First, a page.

Heavy rains drenched South Korea's capital region, turning the streets of Seoul's affluent Gangnam district into rivers,

At least seven people have died and six others are missing, according to transport systems.

There were further damage concerns as torrential rains were forecast for the second day in a row.

While most subway services in the Seoul metropolitan area were back to normal operations,

About 80 roads and dozens of riverside parking lots remained closed due to safety concerns.

President Eun Suk Yeol calls on public employers and private companies to adjust their commute hours

and urged aggressive action to evacuate people in dangerous areas to prevent deaths.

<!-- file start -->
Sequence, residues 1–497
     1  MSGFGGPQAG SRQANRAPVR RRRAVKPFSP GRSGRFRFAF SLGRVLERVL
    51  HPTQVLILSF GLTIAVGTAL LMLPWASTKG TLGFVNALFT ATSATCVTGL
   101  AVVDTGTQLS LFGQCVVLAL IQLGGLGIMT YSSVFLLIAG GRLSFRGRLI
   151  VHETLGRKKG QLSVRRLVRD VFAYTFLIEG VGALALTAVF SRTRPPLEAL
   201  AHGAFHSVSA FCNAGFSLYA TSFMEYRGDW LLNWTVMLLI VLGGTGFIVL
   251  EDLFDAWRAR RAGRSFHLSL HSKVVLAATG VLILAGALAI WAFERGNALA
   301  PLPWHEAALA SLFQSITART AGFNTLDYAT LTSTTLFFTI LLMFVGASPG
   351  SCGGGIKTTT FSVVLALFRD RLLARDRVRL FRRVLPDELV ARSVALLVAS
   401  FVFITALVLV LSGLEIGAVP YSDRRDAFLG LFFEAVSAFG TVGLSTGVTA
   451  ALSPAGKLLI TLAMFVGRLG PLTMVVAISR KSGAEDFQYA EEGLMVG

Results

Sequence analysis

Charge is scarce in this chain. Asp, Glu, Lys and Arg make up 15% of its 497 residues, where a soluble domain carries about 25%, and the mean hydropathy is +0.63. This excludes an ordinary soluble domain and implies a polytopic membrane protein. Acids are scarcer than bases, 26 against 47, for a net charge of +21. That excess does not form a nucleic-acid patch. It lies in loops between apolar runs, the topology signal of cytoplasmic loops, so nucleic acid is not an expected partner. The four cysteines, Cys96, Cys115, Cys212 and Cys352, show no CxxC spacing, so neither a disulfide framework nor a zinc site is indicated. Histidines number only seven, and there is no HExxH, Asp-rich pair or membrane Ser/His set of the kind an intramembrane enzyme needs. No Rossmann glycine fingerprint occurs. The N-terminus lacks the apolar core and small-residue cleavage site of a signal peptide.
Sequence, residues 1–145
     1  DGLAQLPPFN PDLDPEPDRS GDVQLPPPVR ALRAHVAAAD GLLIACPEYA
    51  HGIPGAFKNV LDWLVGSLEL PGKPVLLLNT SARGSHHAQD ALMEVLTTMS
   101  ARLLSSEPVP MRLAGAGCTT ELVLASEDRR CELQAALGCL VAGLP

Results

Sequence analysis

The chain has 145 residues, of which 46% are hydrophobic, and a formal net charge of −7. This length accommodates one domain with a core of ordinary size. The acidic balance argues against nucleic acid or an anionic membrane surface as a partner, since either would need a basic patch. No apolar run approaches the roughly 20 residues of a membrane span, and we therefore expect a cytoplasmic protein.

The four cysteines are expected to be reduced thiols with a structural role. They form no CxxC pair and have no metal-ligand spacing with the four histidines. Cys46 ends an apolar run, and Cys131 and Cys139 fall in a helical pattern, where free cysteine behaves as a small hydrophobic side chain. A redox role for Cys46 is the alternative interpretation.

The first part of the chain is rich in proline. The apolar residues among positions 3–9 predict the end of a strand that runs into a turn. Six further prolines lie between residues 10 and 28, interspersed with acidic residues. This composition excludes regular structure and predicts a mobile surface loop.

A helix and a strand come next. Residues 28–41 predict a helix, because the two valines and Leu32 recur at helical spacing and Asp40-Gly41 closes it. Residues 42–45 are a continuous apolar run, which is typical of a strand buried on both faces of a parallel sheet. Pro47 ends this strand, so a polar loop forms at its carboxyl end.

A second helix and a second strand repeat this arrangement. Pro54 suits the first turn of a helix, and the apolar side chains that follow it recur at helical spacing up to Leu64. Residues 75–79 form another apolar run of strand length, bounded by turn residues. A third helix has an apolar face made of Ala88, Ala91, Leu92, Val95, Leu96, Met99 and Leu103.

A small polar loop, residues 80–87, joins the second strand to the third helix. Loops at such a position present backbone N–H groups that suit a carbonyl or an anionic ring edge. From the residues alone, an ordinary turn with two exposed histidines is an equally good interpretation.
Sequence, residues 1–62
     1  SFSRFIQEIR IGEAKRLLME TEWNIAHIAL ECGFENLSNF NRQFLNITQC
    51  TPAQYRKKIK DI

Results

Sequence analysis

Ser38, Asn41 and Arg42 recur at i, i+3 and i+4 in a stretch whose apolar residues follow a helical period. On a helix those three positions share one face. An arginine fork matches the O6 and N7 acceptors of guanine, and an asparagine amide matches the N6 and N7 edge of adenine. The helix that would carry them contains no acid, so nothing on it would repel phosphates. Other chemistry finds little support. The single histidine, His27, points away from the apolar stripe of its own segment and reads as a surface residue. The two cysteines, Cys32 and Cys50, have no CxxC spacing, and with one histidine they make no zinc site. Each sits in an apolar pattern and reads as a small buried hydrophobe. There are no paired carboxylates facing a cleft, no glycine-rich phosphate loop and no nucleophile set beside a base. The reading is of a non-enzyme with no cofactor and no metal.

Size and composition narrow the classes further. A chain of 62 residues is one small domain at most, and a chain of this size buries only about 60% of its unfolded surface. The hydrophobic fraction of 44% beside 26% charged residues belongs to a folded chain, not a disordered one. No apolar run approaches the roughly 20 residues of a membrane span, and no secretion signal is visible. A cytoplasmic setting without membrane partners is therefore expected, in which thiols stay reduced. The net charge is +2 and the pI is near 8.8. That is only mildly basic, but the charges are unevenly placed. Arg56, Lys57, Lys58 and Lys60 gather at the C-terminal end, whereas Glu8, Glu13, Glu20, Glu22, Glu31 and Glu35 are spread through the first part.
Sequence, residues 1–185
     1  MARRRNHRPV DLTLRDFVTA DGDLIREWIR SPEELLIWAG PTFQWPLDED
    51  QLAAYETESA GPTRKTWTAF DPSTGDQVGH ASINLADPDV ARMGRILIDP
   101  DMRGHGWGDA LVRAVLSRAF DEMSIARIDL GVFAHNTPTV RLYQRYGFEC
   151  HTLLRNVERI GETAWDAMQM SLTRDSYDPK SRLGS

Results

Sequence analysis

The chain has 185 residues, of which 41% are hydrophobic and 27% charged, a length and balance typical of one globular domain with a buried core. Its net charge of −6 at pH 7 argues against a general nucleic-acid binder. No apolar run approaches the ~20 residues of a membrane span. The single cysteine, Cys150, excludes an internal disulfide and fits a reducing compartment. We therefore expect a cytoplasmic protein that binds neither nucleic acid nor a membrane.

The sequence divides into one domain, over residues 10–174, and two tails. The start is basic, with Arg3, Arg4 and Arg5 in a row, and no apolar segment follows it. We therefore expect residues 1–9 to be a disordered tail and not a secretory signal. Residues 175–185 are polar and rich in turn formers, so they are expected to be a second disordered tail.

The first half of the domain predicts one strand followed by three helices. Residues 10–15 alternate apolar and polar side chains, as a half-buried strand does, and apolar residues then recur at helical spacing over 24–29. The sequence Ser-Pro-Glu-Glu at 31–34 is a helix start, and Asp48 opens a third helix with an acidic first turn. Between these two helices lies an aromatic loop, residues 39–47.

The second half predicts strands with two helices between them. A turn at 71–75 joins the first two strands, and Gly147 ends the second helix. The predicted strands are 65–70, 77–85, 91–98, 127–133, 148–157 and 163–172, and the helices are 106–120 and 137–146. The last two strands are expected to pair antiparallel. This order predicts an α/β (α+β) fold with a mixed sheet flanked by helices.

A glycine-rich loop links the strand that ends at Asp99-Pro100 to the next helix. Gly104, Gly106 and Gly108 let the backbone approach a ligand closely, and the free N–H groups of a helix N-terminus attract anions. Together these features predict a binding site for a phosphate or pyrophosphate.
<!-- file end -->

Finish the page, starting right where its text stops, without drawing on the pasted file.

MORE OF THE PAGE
Seoul's Defense Ministry spokesman Moon Hong-sik said that if requested by cities or regional governments

The Army is ready to deploy troops to help with the recovery efforts.

The rain started on Monday morning and intensified by evening. The Ministry of the Interior and Security said that

Around 800 buildings were damaged, while more than 400 people had to be evacuated from their homes.

The North's official Rodong Sinmun newspaper described the rain as potentially "devastating" and

Called for measures to prevent flooding on the Taedong River that flows through the capital Pyongyang.